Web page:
23 March 2011
Fancy a little story? I promise, it has a good ending.
When I was 16, buckled down in the task of applying to colleges, doing the usual sort of essay-writing, subject test-taking, who remembers what... something kinda unique came up: one of the schools I was applying to required you to declare your major in advance of enrolling. Not after two years of exploration, maturation and general ed. No, at the age of 16. What do you want to study for the next 4 or 5 years... and, consequently, what do you want to BE? Dun dun dun.
Of course, the way these things always work, this school was the one I fell in love with and attended for the next 5 years. I had, quite randomly, decided I wanted to be an architect. Not just because it was near the top of the alphabetized list (I promise), but I checked that box. Yes, the girl with a knack for English, languages and statistics (not calculus)... I was going to be an architect. Ah, 16 year olds.
By the time I was 17, I was deep into an assigned Summer reading list. Thankfully, it was a list meant to scare non-serious future architects out of an impacted program. Ahem: me. I realized, thankfully, that I adored the art-form and history of architecture but, alas, I didn't want to be an architect. OK, time to move into the dorms! Here we go.
Fast forward a couple of years: I side-stepped, portfolio in hand, into the Art & Design department and found a niche I quite liked: fine art, technology, and a little art-school hi-jinks. The usual routine... and then, after the requisite backpacking in Europe, I was off into the working world. The world of my newly selected profession: graphic design.
Desks, cubicles, offices, presentations, commuting, annual performance appraisals, endless joke emails, office chit-chat, after work drinks, bagel Tuesdays.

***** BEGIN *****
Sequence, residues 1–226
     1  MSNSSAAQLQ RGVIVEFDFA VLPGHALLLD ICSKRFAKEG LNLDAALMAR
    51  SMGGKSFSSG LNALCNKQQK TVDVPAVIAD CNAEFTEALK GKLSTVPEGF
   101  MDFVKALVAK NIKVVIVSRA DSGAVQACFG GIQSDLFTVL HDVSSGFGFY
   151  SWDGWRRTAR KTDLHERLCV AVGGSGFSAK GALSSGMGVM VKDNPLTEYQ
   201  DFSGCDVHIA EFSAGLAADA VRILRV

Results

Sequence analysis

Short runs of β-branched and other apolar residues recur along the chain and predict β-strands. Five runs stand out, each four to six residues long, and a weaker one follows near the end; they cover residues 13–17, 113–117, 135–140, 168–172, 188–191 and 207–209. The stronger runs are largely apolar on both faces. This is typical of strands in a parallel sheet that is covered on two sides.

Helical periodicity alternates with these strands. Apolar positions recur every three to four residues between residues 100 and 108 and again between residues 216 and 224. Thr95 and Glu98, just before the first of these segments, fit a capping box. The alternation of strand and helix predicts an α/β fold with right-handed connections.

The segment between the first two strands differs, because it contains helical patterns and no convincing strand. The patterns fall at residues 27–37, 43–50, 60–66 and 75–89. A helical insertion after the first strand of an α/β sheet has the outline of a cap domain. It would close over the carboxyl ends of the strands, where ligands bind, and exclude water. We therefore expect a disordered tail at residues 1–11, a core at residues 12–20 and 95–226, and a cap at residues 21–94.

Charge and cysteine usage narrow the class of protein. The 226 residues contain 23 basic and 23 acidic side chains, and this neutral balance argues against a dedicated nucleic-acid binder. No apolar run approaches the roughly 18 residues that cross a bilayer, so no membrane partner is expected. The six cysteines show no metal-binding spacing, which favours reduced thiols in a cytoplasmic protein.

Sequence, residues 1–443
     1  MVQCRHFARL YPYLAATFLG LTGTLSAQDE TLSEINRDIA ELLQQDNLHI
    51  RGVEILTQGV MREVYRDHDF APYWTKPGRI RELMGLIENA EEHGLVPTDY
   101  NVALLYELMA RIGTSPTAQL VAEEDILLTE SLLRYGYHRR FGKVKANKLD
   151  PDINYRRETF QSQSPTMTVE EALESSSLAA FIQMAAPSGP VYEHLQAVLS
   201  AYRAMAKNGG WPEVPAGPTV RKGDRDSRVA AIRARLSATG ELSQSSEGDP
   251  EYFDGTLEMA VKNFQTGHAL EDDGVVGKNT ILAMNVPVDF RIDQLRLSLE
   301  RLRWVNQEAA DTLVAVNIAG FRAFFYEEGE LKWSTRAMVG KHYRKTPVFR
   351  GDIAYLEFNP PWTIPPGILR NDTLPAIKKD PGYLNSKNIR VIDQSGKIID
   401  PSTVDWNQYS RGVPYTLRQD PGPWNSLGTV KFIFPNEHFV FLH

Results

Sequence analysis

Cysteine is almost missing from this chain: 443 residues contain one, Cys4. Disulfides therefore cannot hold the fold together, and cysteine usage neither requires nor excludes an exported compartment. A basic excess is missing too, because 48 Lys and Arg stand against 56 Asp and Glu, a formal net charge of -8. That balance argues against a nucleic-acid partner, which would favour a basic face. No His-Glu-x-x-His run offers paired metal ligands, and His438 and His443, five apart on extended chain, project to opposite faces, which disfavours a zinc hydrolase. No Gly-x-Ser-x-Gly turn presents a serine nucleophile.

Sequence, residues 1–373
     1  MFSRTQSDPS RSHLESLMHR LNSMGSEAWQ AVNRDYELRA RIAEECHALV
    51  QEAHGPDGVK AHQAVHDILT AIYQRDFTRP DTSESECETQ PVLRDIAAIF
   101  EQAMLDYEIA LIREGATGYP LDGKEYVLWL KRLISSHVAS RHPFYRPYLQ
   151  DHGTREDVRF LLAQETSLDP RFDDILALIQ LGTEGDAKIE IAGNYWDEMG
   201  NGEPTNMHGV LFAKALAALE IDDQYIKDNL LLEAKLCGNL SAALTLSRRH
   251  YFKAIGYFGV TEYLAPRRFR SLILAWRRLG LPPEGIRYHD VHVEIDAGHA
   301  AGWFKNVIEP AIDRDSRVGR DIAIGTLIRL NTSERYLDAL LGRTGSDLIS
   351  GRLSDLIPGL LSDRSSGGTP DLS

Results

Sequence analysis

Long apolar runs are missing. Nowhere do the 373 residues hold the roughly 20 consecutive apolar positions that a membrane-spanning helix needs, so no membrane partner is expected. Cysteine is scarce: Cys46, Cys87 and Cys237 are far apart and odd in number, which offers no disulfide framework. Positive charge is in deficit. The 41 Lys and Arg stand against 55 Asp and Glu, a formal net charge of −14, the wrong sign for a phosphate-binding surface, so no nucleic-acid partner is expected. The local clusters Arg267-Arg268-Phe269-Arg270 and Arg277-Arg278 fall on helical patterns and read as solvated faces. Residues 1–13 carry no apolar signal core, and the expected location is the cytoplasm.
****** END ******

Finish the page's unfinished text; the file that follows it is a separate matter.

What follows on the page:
But, the question stuck with me: was I really supposed to pick my life's direction that young? And, more importantly, was "which career" even the right question?
At such a young age, who really has a clue what it's like to work as an architect, a graphic designer, a lawyer, a writer? Heck, how about what it's like to not work as any of those things? You don't see that on the career day agenda.
My youngest brother, ages ago, took a job as a photographer's assistant in a department I managed. It was a busy media company and he did all the usual organizing, running around and rigging. But, he also spent a lot of time in the office, experiencing that particular corporate way of spending 8 hours. Let me say, he hated it. He was miserable. He knew, intuitively, that he did not belong in that environment. I thought I did. He quit after a time, and I continued on, my life getting "crazy" "busy" and more than a little out of balance. For me, it was only becoming responsible for another person (a baby-type person) that finally forced me to think intentionally about what my life, my days, should look like.
I think my revised, correct "right question" for young people envisioning their lives is not "what do you want to be when you grow up" -- it's quite simply "what do you want the moments of your days to be like?" Think about not just what interests you, but also what setting you want to do it in. Do you want to be in an office? Do you want to be outside? Do you want to work alone or with people? How much bullshit do you want? Do you like bullshit? Do you even want to work full-time? Work at all? What options do you actually have? Like, really think about it.
Last Summer, I went back and asked my 16-year-old inner self these questions, and sprinkled on the experiences of the following 20 or so years... and I came to a few new conclusions.
What I used to want: artistic work, recognition, success, joining.
What I want now: freedom, artistic work, choice, flexibility, self-determination.
In a week's time, I'm commuting downtown to an office for the last time. I've quit my job.
I'm making room for other options, other life paths to materialize.
I'm 95% thrilled and 5% nervous. I'm both excited and anxious because I'm not continuing on in my current career. I've done the freelance-from-home thing, but for me, it's almost worse than working corporate in an office. I need a bigger change than that... I'm working on some new ideas, in all-new contexts.
Ideas, not coincidentally, that are more friendly to family and home life.
More on that soon. Right now, in these gray, wet days, I'm meditating on the image below, from last Summer, on the first impossibly gorgeous, warm, hopeful day after all those dreary months of woolen fogginess... I'm walking toward the light and new possibilities which, if given space, can sprout and bloom.
Stay tuned, and I hope you'll cheer me on, friends. xoxo